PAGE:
Q. My 9-year-old daughter, Noelle, is intellectually disabled. The costs for her therapy and assistive technology are quite high, and we are in the process of applying for government assistance (SSI).
Despite our struggles to make ends meet, her grandparents and my husband and I would like to save as much as we can to make sure she has everything she needs to be the best she can be. I heard about a new act, called the ABLE Act, that was approved by Congress this week. Can you tell me how it will work if signed into law by the President, and whether it will impact our eligibility for government assistance? Also, what can I do to ensure my daughter is taken care of, should something happen to me or my husband in the future? Thank you for your help and happy holidays!
A. The Achieving a Better Life Experience, or ABLE Act, which was approved by the Senate the evening of December 16 (having already passed in the House), is expected to be signed into law by President Obama. Once signed by the President, the ABLE Act will allow people with disabilities to create special accounts where they could save up to $100,000 without risking eligibility for benefits such as SSI and Medicaid. It is anticipated families could begin opening ABLE accounts in early 2015 after the IRS establishes rules and regulations.
The way an ABLE Act account would work is somewhat analogous to a 529 account for college students. ABLE accounts can only be used for expenses connected with a disabling condition.
Below are some preliminary guidelines:
- Establishing the account: An ABLE account can be established by a disabled individual or by others with the qualifying individual named as the account beneficiary.
- Earnings would grow tax free. When ABLE Accounts are created, qualifying individuals and their families will be able to deposit up to $14,000 annually. As in the 529 model, funds can be invested with tax-free growth potential.
- Withdrawals can be made that are tax-free on the federal level. Expenses can be paid from the ABLE account for the benefit of the disabled individual for education; housing; transportation; employment training and support; assistive technology and personal support services; health, prevention, and wellness; financial management and administrative services; legal fees; expenses for oversight and monitoring; funeral and burial expenses; and any other expenses approved under regulations.
- Age requirement: The disabled person establishing the account or for whom it is set up must have become disabled before reaching age 26. Therefore, an ABLE account could help younger people with developmental disabilities, mental illness, and conditions such as cerebral palsy.
- Supplemental Security Income (SSI): If the assets in an ABLE account reach $100,000 and the beneficiary is receiving SSI benefits, monthly SSI benefits will be placed in suspension. If the assets in the ABLE account drop back below $100,000, the SSI cash benefits resume. No re-application is necessary.
- Medicaid Eligibility: A beneficiary will not lose eligibility for Medicaid based on the assets held in the ABLE account, even during the time that SSI benefits are suspended (as described above for an account with over $100,000).
- Medicaid Payback Provision: Under the ABLE Act, when the qualified beneficiary dies (or if he/she is no longer disabled), any remaining assets in the ABLE Account are used to “pay back” any state Medicaid plan up to the value of Medicaid services provided to the beneficiary. The payback is calculated based on amounts paid by Medicaid after the creation of the ABLE Account. This is a MAJOR drawback for most families who want to fund a trust without giving up the right to allow other family members to ultimately benefit from any remaining assets. The National Academy of Elder Law Attorneys is fighting to ensure that the best parts of the ABLE legislation are preserved while proposing amending the Medicaid payback requirement.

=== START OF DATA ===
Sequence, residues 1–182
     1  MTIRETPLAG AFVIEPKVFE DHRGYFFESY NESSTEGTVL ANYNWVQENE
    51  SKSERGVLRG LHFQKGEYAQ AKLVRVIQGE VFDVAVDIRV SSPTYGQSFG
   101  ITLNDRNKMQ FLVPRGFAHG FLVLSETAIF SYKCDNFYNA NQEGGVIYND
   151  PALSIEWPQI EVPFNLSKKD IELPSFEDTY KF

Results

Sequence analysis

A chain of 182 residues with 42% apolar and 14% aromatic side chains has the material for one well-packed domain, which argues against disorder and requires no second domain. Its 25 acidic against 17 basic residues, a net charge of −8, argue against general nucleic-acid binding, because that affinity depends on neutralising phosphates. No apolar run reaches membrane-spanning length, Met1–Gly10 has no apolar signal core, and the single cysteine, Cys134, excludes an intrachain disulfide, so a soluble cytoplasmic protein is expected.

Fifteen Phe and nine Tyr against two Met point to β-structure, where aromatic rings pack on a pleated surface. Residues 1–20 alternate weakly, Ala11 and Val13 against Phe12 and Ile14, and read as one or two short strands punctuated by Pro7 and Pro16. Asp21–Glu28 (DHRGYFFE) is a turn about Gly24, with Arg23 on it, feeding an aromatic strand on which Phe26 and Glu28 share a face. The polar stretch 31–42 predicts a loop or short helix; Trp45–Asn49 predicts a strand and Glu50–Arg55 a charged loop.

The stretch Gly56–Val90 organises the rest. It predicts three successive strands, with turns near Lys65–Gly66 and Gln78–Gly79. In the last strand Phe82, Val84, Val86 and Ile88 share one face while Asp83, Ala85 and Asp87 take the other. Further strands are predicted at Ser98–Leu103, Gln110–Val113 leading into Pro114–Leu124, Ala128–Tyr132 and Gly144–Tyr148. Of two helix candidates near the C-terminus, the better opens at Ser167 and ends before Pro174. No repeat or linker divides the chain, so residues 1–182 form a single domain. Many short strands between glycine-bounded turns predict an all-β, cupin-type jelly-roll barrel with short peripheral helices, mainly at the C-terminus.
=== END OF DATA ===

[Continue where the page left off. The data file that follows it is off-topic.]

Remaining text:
For more details on the ABLE Act, please read this article on the Autism Speaks Website.
Special Needs Planning
It is vitally important for parents to take the right steps to ensure their child will be financially secure and cared for in the event of death or disability of the parent, including:
• Hiring an attorney who is experienced in creating special needs trusts, such as myself; • Clearly spelling out your wishes for the disbursement of trust funds within the trust document; • Finding someone you can trust that has your child’s best interests at heart to serve as trustee and/or • Hiring an institutional trustee that has a reputation for utilizing social workers and case managers to monitor the welfare of beneficiaries and determine how trust funds should be spent.
Special Needs Trust
Unlike an ABLE Account, assets remaining in a properly established Third Party Special Needs Trust are not recoverable by Medicaid at the time of the beneficiary’s death if the trust was funded using the assets of the parent or other third party. This allows the creator to provide for a secondary beneficiary. Therefore, an ABLE account should NOT be used as a substitute for a Third Party Special Needs Trust, but rather only a limited substitute for a First Party Special Needs Trust.
A special needs trust is recommended to protect a disabled individual’s financial future. Also known as Supplemental Needs Trusts, this type of trust preserves legal eligibility for federal and state benefits by keeping assets out of the disabled person’s name while still allowing those assets to be used to benefit the person with special needs. Read more here.
When it comes to special needs planning, the Fairfax and Fredericksburg Law Firm of Evan H. Farr, P.C. can guide you through this process. If you have a loved one with special needs, call 703-691-1888 in Fairfax or 540-479-1435 in Fredericksburg to make an appointment for a no-cost consultation.
Happy holidays to you and your family!